Based on the information collected from various sources I hereby use my right in accordance with the IOF Code of Ethics, to report the matter to the IOF Ethics Panel and ask them to investigate possible violations of the IOF Code of Ethics at the IOF World Cup Sprint Final Event on 29.10.2019. END OF UPDATE
– That is somewhat the nature of our sport, where things like respect for terrain embargoes and control of competition information are fully dependent upon the good will and ethical values of individuals. I hope that this episode if nothing else will be a strong reminder that fair play in our sport is dependent upon these values. I personally have been too naïve in believing that the strong ethical value of fair play which we have in orienteering as I know it, are automatically transmitted to new orienteering nations and across cultures. In light of what has happened at the Military World Games I would make recommendations in two areas:
- That our discipline commissions review rules, organiser guidelines and event advising guidelines regarding access to competition information, terrains and embargoes and see if there are improvements which can be made based upon what has actually happened. The CISM controller will be giving us a full report about the Military World Games case.
- I also recommend that we look at instituting some form of simplified Fair Play education materials which can be transmitted and used by member federations and organisers to make sure that the specific aspects of orienteering competitions that affect fair play are understood and accepted as critical to our values. Fair play is not only about anti-doping but goes to the core understanding of our rules.
– With all that has happened, I can only feel a profound disappointment and sorrow for the sport in China. I think the proven cheating at the Military World Games will set back the development of the sport in China for years to come. The real loser here is the broad development of Chinese orienteering as support from the IOF will be questioned. There are a lot of very positive development activities in China which are affected by this loss of credibility. But I also believe we need to continue to work with the Orienteering Association of China to improve the reputation and credibility of the sport.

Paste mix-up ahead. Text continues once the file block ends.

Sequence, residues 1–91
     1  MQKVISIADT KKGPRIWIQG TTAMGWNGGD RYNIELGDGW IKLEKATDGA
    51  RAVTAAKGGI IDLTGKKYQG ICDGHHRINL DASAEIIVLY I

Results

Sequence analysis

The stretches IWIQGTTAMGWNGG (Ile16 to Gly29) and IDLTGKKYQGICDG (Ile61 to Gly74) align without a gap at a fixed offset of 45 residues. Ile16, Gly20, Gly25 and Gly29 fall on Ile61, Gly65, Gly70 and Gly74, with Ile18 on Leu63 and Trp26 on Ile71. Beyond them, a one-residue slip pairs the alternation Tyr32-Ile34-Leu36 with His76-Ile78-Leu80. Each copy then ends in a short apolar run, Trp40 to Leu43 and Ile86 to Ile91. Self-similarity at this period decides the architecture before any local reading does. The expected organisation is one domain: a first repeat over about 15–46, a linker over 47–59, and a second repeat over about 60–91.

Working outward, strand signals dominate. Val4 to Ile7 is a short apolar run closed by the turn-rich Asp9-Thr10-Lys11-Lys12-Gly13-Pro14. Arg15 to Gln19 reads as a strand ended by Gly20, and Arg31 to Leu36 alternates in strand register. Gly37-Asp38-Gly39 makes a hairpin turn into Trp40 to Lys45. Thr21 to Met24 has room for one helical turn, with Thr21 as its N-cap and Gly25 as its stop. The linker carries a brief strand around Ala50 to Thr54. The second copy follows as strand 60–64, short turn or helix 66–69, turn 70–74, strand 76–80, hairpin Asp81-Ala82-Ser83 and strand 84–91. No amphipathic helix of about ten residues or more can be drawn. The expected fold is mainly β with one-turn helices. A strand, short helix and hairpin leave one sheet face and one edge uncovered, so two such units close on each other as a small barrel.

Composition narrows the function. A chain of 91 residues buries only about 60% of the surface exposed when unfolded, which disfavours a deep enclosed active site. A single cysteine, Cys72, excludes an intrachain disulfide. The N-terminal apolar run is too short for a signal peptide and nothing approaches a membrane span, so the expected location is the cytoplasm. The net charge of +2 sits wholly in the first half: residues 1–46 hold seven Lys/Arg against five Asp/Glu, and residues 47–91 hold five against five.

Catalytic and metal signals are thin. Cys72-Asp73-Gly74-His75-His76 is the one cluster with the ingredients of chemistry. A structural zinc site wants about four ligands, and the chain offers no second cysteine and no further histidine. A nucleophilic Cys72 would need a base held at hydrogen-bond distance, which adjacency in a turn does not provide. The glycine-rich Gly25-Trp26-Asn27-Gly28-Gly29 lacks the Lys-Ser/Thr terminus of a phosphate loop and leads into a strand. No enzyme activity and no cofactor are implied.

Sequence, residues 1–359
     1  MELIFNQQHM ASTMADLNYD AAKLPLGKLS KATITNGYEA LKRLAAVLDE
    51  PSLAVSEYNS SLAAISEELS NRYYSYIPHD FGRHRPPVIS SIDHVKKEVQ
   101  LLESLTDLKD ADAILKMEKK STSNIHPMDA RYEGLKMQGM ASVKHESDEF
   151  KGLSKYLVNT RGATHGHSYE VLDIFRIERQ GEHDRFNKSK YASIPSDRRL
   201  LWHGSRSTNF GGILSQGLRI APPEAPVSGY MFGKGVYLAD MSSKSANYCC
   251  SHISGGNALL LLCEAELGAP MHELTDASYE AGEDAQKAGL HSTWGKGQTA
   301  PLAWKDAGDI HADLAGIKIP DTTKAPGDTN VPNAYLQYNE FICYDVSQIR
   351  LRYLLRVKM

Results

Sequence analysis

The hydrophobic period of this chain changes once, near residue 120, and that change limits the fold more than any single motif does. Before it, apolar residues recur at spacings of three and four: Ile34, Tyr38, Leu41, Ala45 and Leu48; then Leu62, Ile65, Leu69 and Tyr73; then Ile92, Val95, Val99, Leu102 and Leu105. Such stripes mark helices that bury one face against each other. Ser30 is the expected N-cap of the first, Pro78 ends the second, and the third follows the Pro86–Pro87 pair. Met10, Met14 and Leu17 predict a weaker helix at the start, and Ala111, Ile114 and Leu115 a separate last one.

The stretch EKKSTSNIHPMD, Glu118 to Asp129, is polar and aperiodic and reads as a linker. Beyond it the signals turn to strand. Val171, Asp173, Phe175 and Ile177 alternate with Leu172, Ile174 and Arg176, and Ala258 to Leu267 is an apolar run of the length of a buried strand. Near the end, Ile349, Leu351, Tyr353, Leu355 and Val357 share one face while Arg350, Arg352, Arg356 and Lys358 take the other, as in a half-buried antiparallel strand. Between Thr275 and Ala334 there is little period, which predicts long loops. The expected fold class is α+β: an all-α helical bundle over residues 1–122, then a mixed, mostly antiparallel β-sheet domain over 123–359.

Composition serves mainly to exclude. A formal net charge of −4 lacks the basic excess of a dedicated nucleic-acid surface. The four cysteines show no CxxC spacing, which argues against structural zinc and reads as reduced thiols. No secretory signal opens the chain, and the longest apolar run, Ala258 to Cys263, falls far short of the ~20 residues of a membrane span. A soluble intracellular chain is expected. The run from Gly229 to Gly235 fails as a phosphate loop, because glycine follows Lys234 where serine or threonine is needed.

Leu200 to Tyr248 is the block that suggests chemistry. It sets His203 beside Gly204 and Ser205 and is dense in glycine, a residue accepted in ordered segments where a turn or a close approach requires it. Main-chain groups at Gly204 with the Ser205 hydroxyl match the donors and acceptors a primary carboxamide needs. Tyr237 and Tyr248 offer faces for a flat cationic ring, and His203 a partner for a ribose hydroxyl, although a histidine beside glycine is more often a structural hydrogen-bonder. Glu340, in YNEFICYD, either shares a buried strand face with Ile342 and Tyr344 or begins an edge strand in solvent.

Describe the decision behind organising a World Cup round in China?
– The main reason for having an IOF World Cup in China, or for that matter anywhere outside of Europe, is for the global spread of orienteering. It has been the goal of the IOF to spread the sport of orienteering to as many people, in as many countries, as possible. Taking major events to new countries is a strong motivator for development. The IOF did put some renewed focus on China, with the largest population of potential orienteers in the world, 3 years ago. And orienteering has in fact grown significantly in China over these past 3 years. Participants at WRE events and tour events in China have shown appreciation for the efforts put forth by Chinese organisers and the IOF felt that the level of maturity of organisers was at a level which merited the award of the World Cup. And having seen their unique terrains, especially for sprint, and their offerings of hospitality there was a sense that a World Cup event in China could offer a special experience for participating athletes.
What challenges did you foresee in that decision?
– From the beginning when the event was awarded we knew that there would be challenges but felt that the effort was worth the reward for both the athletes experience and the IOFs goal of spreading the sport. The challenges expected were very much in the technical aspects of the event, and the IOF made investments in education programs for Chinese mappers and organisers, with visits to assist them in the planning and with expert resources in various areas like course setting, mapping and timing. Other challenges came up along the way like the process for obtaining visas, and the IOF has spent additional resources on assisting the organisers. I think it is important to note as well that other areas of the organisation were carried out without significant issues, for example logistics and ceremonies. Every IOF major event has challenges, and no doubt there were more with this event than is normal. I will let others assess if the investment was worthwhile and as with many investments I think some time should pass before making a final judgement. But my feelings directly after the event are very mixed from pride in undertaking the task, to disappointment in not delivering on all aspects. In hindsight I think we should have applied ever more resources and efforts to guaranteeing the quality of the event, especially technically.
What is happening now?
– I think it would be unfair to simply leave the organising of the World Cup in China without analysis and reflection. So I believe we need to do a full evaluation of all aspects of the event, also together with the organisers in China. I believe that such an evaluation will lead to improvements in other IOF events, but also help determine if and when we might return with an event to China in the future. And we need to continue to be in close contact with the Orienteering Association of China to make sure that issues of fair play are recognized and addressed.